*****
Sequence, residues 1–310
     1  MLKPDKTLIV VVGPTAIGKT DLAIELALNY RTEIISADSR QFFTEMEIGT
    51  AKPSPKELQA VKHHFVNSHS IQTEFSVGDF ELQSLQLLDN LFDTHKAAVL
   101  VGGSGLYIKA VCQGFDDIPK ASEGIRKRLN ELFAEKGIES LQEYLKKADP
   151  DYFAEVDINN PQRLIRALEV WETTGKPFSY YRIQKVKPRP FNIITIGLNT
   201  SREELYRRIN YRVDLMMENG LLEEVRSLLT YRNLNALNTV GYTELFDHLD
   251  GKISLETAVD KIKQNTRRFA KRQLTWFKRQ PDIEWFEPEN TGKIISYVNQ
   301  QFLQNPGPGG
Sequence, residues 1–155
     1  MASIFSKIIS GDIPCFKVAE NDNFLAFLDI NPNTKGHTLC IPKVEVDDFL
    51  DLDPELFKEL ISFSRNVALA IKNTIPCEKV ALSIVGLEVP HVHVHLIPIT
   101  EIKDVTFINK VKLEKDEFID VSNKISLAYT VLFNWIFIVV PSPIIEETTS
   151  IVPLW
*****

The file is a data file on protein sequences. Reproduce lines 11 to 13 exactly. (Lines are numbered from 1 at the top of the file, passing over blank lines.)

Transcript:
    51  DLDPELFKEL ISFSRNVALA IKNTIPCEKV ALSIVGLEVP HVHVHLIPIT
   101  EIKDVTFINK VKLEKDEFID VSNKISLAYT VLFNWIFIVV PSPIIEETTS
   151  IVPLW